• Skip to Content
  • Skip to Main Navigation
  • Skip to Local Navigation
  • Skip to Search
  • Skip to Sitemap
  • Skip to Footer

Golden Eagle


IUCN Conservation Status: Least Concern

The Golden Eagle is one of the largest, fastest, nimblest raptors in North America. Lustrous gold feathers gleam on the back of its head and neck; a powerful beak and talons advertise its hunting prowess. You're most likely to see this eagle in western North America, soaring on steady wings or diving in pursuit of the jackrabbits and other small mammals that are its main prey. Sometimes seen attacking large mammals, or fighting off coyotes or bears in defense of its prey and young, the Golden Eagle has long inspired both reverence and fear.


Golden Eagles are not big talkers. Their occasional calls tend to be high, weak, and whistled. You’re most likely to hear these birds during breeding season, when nestlings’ high-pitched begging calls can travel a mile or more, and adults announce food deliveries with a wip or a wonk.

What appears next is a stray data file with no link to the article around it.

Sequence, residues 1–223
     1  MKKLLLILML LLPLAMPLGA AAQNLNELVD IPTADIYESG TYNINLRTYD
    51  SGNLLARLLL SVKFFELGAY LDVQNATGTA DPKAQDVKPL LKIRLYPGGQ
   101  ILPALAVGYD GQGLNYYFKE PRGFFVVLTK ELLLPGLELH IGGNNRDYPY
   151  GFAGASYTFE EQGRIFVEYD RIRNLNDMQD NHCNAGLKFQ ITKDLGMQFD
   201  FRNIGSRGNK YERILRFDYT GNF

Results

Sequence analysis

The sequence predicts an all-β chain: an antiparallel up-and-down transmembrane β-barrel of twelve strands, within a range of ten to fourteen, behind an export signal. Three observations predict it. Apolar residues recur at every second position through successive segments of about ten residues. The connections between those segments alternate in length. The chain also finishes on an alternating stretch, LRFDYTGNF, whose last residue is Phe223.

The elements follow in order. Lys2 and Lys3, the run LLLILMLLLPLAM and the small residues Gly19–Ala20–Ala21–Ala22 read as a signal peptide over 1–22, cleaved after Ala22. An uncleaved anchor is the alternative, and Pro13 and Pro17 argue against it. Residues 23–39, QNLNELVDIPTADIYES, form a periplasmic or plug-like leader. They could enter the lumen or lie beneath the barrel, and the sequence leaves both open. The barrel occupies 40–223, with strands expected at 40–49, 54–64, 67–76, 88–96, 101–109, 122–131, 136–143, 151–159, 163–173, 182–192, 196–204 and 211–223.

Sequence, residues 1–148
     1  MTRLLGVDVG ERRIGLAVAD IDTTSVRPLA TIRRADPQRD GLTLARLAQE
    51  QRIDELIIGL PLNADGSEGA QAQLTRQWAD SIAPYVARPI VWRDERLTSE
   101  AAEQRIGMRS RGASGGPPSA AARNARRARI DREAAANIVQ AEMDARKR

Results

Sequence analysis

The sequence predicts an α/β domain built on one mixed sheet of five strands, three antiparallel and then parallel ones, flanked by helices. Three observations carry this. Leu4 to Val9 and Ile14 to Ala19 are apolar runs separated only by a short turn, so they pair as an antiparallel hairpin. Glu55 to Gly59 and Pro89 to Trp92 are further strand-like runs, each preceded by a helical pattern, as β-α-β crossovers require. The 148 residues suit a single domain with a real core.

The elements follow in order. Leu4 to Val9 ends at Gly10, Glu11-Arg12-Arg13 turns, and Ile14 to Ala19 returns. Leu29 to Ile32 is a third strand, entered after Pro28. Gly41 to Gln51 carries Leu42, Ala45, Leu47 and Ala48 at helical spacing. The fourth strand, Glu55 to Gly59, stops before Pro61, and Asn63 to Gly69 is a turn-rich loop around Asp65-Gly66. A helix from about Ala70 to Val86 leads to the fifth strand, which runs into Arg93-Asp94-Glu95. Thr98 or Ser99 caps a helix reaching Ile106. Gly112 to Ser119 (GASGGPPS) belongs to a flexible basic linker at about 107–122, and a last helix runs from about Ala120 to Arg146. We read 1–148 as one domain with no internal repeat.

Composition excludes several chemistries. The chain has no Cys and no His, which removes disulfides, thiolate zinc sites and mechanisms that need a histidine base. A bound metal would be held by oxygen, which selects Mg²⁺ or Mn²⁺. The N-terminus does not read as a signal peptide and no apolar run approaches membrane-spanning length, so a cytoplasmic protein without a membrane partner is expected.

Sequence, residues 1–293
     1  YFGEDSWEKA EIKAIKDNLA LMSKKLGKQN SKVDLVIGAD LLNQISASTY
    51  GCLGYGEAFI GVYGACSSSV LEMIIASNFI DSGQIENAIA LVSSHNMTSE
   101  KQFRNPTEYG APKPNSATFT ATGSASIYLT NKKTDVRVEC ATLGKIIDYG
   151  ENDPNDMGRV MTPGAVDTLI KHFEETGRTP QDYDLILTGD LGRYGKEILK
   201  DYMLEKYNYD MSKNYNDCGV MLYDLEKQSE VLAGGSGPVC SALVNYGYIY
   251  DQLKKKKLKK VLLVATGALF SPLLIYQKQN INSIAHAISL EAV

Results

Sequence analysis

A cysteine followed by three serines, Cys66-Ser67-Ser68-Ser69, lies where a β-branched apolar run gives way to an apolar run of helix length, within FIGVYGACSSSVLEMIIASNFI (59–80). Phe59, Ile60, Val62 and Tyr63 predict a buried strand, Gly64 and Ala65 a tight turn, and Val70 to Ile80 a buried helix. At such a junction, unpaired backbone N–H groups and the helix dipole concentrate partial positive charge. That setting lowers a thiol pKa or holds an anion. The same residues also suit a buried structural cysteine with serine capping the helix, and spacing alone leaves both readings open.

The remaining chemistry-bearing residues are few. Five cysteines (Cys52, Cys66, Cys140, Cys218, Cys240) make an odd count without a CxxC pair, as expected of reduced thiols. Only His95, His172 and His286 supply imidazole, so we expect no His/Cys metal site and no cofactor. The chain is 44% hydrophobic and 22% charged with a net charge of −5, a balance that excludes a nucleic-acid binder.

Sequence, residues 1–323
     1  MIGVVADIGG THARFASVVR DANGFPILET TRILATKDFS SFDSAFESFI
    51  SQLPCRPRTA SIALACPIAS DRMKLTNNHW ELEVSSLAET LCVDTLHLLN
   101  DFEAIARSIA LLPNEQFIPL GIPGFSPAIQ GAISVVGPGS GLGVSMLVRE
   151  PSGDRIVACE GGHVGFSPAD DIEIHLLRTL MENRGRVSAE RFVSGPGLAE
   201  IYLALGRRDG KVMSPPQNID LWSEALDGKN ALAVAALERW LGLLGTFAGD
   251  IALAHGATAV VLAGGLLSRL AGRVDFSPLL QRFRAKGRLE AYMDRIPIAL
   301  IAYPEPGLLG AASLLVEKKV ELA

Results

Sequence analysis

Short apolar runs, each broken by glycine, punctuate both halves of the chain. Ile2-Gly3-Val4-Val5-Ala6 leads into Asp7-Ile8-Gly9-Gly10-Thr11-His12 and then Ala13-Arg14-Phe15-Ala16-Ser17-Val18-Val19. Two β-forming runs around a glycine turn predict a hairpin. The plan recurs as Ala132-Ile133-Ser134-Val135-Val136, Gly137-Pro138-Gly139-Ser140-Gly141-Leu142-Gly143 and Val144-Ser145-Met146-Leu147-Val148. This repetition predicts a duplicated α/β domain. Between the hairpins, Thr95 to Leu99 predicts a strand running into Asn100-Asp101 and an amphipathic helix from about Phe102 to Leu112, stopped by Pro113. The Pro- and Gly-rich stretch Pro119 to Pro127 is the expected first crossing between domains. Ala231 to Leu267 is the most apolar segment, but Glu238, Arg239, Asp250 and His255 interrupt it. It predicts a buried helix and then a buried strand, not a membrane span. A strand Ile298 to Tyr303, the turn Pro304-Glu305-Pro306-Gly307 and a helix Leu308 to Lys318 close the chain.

Call a high yelp.

Search the Macaulay Library online archive for more sounds and videos

You Might Also Like

Get the Lead Out: Ingesting lead bullet fragments has a devastating effect on wildlife—and humans. Story and photos in Living Bird magazine.

Golden Eagles and Us: Story and photos in Living Bird magazine.



Or Browse Bird Guide by Family, Name or Shape
bird image Blue-winged Warbler by Brian Sullivan

The Cornell Lab will send you updates about birds, birding, and opportunities to help bird conservation. You can unsubscribe at any time. We will never sell or give your email address to others.